When will the Europeans give the Palestinians some tough love—and hard facts—on what it will take to achieve their own state?
Dear Friend of FLAME:
Despite---or because of---their hapless flailings, the West Bank Palestinians look more pathetic by the day. Where should we begin?
How about internal political disarray? After their last Prime Minister, Sayam Fayyad, resigned a few months ago, (acting) President Mahmoud Abbas appointed a new guy, Rami Hamdallah, to the post. Hamdallah was appointed as a yes-man to Abbas and to provide cover to Western donors for Palestinian waste and corruption, which Fayyad had managed to tame somewhat. Now, three weeks later, Hamdallah has resigned, because, presumably, even yes-men have their limits. Hamdallah's Facebook page complained of "outside interferences in his powers and duties."
Of course, the other Palestinian government, in Gaza, run by the terrorist organization Hamas, has its own prime minister, so they're not overly concerned about Hamdallah.
How about the West Bank Palestinians' "tough new line" on peace talks with Israel? Abbas has refused to enter negotiations unless Israel accepts the so-called 1967 lines---before the capture of the West Bank, Gaza Strip and eastern Jerusalem by Israel in the 1967 war against invading Arab armies---as the new Palestinian border. As another precondition to peace talks, Abbas also demands that Israel cease all settlement building in Jerusalem, its capital, and in Judea and Samaria, also known as the West Bank.
Of course, these preconditions have no basis in law, United Nations resolutions or previous peace talks. They are just Abbas' latest way of avoiding discussions with Israel. (Israel has indicated its willingness to resume peace talks with no preconditions.) In Gaza, naturally, peace talks are beside the point: Hamas won't rest until it has defeated Israel and killed all the Jews.
All the while, Secretary of State John Kerry presses urgently for peace negotiations, and international Mideast envoy Tony Blair claims "the window of opportunity [for peace] will be open for only a short period of time . . . This is urgent. This is now."
Of course the Palestinians scoff at Western notions of time. Their struggle is eternal. They believe the Jews will be ejected sooner or later.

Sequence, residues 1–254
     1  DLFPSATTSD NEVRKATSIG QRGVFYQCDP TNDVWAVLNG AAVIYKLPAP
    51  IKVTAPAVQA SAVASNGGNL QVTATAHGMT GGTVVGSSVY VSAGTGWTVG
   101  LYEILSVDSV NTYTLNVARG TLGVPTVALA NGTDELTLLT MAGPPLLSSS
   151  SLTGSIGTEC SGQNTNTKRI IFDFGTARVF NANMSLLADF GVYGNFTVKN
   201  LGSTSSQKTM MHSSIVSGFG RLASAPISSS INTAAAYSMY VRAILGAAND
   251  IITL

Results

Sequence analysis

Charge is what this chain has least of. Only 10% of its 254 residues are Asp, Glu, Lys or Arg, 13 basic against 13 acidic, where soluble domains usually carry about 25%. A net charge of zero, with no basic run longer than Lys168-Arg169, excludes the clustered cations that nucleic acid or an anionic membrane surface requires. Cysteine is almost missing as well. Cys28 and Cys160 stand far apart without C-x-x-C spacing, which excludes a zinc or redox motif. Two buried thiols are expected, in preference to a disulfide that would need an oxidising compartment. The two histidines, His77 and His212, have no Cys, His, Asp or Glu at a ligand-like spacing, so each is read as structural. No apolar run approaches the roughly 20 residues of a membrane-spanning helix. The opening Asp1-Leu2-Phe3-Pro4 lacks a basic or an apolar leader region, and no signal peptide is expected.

Nonetheless, peace negotiations can have virtues for Israel. They can keep the Palestinian street from boiling over. They can keep the Europeans from getting impatient and putting more pressure on the Jewish state. They can kill time until a new, more reasonable Palestinian leadership emerges in the West Bank (unlikely, but possible). They can get us through the next days and months without unnecessary death.
To this end, this week's FLAME Hotline article exhorts the European community to push the Palestinians to the negotiating table. Incisive commentator David Makovsky argues that just as President Obama has strong-armed Israel, it's time for the Europeans to give their favorite Arabs some tough love.
Take a few minutes to read Makovsky's simple, reasonable and powerful prescription for shaking the Palestinians into reality. (Note, however, that we disagree with Makovsky's swipe at Netanyahu for "expansion of settlements," since settlements have proceeded under every Israeli prime minister and since they are not a valid obstacle to peace.)
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Palestinians Need Tough Talk from Europe
The final communiqué of the G-8 summit meeting next week in Northern Ireland will invariably mention Middle East peace, perhaps supporting Secretary of State John Kerry's efforts to revive peace negotiations. In any case, any statement will be promptly forgotten when the summit ends. Nevertheless, Europe can help Kerry.